Nikon Df Review

4.0
February 17, 2014 | Mark Goldstein |

Image Quality


All of the sample images in this review were taken using the 16 megapixel Fine JPEG setting, which gives an average image size of around 7Mb.

Noise

The base sensitivity of the Nikon Df is ISO 100. The 'native' range extends to ISO 12,800, with boosted settings of ISO 25,600 (H1.0); ISO 51,200 (H2.0); ISO 102,400 (H3.0) and ISO 204,800 (H4.0) also available. Additionally, you can choose ISO 50 (L1.0) when there's plenty of light, and you don't want to stop down your lens beyond a certain point. Here are some 100% crops which show the noise levels for each ISO setting.

JPEG RAW

ISO 50 (100% Crop)

ISO 50 (100% Crop)

   

ISO 100 (100% Crop)

ISO 100 (100% Crop)

   

ISO 200 (100% Crop)

ISO 200 (100% Crop)

   

ISO 400 (100% Crop)

ISO 400 (100% Crop)

   

ISO 800 (100% Crop)

ISO 800 (100% Crop)

   

ISO 1600 (100% Crop)

ISO 1600 (100% Crop)

   

ISO 3200 (100% Crop)

ISO 3200 (100% Crop)

   

ISO 6400 (100% Crop)

ISO 6400 (100% Crop)

   

ISO 12800 (100% Crop)

ISO 12800 (100% Crop)

   

ISO 25600 (100% Crop)

ISO 25600 (100% Crop)

   

ISO 51200 (100% Crop)

ISO 51200 (100% Crop)

   

ISO 102400 (100% Crop)

ISO 102400 (100% Crop)

   

ISO 204800 (100% Crop)

ISO 204800 (100% Crop)

Sharpening

The out-of-camera JPEGs appear a lot less sharp than images converted from raw, and often benefit from some sharpening in a program like Adobe Photoshop. Alternatively you can change the in-camera sharpening level to suit your tastes. Here are two pairs of 100% crops – the right-hand images have had some extra sharpening applied.

Original (100% Crop)

Sharpened (100% Crop)

   

File Quality

The file quality settings available on the Nikon Df are Fine, Normal and Basic for JPEGs, plus you can also store your photos in Nikon's proprietary raw format (NEF). NEFs can be either 12- or 14-bit. Don't expect to see much of a difference between these two unless you do lots of post-capture tweaking, in which case you may see a benefit to working with 14-bit originals. Here are some 100% crops which show the quality of the various options.

16M Fine (7.24Mb) (100% Crop) 16M Normal (4.83Mb) (100% Crop)
   
16M Basic (2.71Mb)(100% Crop) 16M RAW (19.1Mb) (100% Crop)
   
16M TIF (48.5Mb) (100% Crop)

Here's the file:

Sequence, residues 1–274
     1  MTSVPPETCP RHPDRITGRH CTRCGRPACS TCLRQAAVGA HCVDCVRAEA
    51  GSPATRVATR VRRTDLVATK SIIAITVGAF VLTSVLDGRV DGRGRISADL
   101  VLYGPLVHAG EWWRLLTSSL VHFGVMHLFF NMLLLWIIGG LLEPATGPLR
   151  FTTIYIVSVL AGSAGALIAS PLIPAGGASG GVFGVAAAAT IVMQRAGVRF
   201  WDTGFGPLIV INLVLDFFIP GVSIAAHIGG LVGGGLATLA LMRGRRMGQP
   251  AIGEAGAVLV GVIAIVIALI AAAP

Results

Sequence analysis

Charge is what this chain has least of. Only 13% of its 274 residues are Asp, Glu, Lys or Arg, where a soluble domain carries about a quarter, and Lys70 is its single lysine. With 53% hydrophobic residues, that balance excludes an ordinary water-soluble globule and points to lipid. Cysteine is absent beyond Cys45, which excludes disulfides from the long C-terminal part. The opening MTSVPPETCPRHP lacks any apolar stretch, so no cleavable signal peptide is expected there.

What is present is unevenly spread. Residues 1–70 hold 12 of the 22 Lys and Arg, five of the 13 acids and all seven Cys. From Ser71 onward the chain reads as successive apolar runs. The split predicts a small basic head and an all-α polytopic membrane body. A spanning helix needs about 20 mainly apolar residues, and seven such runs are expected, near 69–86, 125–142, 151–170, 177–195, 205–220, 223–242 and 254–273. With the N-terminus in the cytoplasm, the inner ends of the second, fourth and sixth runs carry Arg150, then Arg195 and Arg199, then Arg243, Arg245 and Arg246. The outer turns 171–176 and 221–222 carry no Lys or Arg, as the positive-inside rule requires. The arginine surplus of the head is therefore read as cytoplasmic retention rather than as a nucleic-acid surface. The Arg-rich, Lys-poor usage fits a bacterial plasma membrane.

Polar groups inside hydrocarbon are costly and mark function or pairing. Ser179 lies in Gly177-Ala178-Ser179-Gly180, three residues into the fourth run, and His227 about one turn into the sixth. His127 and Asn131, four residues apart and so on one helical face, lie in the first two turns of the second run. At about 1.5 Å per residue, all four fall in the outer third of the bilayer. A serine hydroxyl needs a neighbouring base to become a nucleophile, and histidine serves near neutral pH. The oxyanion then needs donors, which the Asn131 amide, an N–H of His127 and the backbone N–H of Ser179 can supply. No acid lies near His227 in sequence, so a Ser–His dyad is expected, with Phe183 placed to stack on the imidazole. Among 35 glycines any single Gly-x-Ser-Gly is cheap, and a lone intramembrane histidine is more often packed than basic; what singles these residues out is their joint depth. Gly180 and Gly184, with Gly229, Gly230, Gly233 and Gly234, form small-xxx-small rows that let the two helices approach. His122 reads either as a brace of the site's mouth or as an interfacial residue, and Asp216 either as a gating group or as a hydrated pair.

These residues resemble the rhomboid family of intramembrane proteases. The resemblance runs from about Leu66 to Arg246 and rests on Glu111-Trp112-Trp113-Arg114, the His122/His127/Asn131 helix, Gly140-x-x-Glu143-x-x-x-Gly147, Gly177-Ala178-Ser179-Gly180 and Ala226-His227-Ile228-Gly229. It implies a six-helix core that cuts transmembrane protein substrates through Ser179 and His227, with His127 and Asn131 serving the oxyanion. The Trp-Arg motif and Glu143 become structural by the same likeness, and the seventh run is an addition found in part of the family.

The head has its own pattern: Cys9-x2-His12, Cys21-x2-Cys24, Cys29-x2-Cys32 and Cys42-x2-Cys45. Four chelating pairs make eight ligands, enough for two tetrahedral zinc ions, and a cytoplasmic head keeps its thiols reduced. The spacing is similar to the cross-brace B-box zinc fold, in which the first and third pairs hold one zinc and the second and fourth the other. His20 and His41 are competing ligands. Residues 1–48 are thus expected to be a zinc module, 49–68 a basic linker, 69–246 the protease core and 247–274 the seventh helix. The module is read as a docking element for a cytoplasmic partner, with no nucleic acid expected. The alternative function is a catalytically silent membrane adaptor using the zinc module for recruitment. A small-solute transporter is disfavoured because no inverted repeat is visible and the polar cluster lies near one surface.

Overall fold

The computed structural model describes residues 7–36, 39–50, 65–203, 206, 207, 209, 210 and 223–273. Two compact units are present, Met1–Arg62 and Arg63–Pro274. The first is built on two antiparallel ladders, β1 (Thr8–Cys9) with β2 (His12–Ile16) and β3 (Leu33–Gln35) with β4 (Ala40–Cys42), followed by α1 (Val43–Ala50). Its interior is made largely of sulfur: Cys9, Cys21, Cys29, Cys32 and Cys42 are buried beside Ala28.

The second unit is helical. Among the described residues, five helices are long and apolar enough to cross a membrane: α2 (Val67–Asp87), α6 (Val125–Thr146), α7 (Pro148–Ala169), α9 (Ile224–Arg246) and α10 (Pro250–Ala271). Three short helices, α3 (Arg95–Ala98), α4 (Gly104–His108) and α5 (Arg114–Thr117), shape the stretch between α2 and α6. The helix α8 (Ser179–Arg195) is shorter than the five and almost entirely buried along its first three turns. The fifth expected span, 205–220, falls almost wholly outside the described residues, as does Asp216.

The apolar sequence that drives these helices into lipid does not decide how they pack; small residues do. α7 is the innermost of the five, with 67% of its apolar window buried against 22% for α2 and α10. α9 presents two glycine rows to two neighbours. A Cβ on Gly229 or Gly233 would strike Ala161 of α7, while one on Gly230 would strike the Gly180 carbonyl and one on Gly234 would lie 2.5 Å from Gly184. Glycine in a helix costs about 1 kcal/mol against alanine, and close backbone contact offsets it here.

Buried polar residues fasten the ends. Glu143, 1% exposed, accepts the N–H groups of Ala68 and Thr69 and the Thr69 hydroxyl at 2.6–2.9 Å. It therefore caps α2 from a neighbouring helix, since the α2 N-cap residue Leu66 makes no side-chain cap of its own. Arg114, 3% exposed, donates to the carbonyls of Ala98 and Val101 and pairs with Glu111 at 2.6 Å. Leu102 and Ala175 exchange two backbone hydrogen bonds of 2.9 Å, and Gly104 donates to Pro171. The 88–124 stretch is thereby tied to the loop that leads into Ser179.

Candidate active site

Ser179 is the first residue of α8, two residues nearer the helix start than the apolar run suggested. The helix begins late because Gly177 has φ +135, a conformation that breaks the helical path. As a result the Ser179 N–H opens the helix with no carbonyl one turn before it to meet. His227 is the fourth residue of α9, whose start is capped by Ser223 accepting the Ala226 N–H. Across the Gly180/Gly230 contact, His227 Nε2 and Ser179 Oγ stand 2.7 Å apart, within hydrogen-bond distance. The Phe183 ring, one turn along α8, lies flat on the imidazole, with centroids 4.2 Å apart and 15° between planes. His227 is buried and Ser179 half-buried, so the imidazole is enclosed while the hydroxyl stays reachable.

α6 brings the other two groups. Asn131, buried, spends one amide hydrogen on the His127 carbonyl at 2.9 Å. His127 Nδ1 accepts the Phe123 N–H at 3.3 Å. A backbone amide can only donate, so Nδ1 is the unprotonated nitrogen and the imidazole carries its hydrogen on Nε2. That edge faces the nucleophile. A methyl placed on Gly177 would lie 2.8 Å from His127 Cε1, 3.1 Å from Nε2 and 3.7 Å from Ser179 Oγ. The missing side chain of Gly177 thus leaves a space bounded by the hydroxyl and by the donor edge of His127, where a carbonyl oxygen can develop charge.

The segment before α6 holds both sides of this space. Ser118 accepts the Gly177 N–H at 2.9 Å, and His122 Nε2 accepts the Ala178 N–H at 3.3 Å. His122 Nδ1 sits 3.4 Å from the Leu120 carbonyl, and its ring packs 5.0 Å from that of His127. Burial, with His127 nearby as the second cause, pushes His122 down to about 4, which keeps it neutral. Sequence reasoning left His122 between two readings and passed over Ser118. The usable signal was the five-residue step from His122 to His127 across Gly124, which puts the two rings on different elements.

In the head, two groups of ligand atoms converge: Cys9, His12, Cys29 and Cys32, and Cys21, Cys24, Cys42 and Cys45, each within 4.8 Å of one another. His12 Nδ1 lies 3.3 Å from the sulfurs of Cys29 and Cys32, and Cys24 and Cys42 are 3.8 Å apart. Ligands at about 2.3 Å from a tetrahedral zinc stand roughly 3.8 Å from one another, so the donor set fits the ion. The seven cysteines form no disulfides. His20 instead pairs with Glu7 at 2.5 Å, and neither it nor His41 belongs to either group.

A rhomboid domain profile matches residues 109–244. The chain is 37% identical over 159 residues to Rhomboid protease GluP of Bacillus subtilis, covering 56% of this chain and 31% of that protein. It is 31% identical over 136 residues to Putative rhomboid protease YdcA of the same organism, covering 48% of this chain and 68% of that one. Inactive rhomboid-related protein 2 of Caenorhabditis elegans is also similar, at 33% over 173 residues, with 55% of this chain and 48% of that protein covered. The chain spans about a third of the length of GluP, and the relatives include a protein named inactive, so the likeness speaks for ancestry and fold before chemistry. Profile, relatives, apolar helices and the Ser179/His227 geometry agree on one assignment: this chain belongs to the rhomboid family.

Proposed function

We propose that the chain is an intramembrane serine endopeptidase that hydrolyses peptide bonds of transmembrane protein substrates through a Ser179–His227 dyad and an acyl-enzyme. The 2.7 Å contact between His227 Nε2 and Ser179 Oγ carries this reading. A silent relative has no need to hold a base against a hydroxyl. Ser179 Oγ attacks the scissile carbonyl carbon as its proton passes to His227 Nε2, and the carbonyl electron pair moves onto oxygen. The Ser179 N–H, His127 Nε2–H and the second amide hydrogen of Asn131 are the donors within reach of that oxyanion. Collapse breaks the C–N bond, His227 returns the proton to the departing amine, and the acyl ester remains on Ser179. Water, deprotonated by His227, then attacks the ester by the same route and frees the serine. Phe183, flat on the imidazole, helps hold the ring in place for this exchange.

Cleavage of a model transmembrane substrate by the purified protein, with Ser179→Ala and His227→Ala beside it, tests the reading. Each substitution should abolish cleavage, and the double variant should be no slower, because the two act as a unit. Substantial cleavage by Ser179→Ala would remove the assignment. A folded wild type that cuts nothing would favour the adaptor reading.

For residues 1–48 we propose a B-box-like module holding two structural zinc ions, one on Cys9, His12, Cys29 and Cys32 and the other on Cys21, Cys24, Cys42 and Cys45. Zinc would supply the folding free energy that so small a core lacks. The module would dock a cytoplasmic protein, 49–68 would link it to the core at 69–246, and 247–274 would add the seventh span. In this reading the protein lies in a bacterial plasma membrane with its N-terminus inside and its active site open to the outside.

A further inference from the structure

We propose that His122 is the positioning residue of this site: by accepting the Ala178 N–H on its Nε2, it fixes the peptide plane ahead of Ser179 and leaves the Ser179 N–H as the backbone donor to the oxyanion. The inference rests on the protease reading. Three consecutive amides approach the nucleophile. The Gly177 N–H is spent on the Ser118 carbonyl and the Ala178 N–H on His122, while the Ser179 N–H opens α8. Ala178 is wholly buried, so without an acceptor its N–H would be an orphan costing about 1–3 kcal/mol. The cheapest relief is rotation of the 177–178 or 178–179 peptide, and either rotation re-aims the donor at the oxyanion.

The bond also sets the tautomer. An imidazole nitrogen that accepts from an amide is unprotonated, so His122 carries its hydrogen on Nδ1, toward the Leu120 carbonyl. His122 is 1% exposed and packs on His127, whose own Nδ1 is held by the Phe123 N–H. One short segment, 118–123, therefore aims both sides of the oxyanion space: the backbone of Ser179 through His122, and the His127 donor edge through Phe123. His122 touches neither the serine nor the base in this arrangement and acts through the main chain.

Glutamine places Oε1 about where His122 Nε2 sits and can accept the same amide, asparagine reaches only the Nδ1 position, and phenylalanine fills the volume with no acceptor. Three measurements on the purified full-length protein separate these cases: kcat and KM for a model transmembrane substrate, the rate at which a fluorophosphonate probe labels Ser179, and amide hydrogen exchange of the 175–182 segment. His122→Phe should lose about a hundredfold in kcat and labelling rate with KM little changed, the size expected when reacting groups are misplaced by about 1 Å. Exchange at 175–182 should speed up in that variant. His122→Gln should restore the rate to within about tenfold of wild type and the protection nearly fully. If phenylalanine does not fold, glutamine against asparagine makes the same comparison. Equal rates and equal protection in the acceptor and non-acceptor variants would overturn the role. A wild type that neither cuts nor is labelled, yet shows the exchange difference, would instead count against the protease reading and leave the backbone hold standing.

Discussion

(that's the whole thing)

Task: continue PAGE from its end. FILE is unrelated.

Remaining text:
Active D-lighting (ADL)

D-lighting is Nikon's dynamic range optimisation tool that attempts to squeeze the full dynamic range of the sensor into JPEGs. Active D-lighting works “on the fly”, before the in-camera processing engine converts the raw image data into JPEGs. The available settings are Off, Low, Normal, High, Extra High 1 and Extra High 2.

Off

Low

   

Normal

High

   

Extra High 1

Extra High 2

HDR Capture

The Nikon Df has the ability to shoot two differently exposed images in rapid succession, which are then blended in-camera to form a single, high-dynamic-range image. Although Nikon recommends that you use a tripod for this, the extremely fast continuous shooting capability of the Nikon Df means that you can often get good results even when you don't have a tripod to hand. The exposure differential can be 1, 2 or 3EV (or automatic), and you can choose from three different levels of smoothing. Note that this feature is only available when shooting JPEGs.

Off

1EV

   

2EV

3EV

Picture Controls

Nikon's Picture Controls are akin to Canon's Picture Styles in being preset combinations of sharpening, contrast, brightness, saturation and hue. The Nikon Df offers all six Picture Controls that were present in the D4, namely Standard, Neutral, Vivid, Monochrome, Portrait and Landscape. All Picture Controls can be tweaked to your liking, then saved and transferred to other cameras.

Standard

Neutral

   

Vivid

Monochrome

   

Portrait

Landscape

Vignette Control

Vignetting is a fact of life with FX cameras and their lenses, but it usually does not mean completely black corners. Nikon's Vignette Control feature seeks to reduce this corner shading. As in the D4, it has three levels, Low, Normal and High, and it can of course be turned off. As you can see in these examples taken with the AF-S 50mm f/1.8G lens at f/1.8, the feature really works.

Off

Low

   

Normal

High

Night

The Nikon Df lets you dial in shutter speeds of up to 4 seconds and has Bulb and Time modes as well for exposure times of practically any length, which is very good news if you are seriously interested in night photography. There is an optional long-exposure noise reduction function that can be activated to filter out any hot pixels that may appear when extremely slow shutter speeds are used, though we found no need for this when taking the photograph below at a shutter speed of 30 seconds, aperture of f/16 at ISO 200. We've included a 100% crop for you to see what the quality is like.

Night

Night (100% Crop)

Entry Tags

hd, review, 16 megapixel, nikon, full hd, DSLR, prosumer, digital SLR, full frame, 35mm, full-frame, retro, 3.2 inch LCD, SLR, FX, DX, 5.5fps, enthusiast, nikon df, df, film slr, Nikon Df Review

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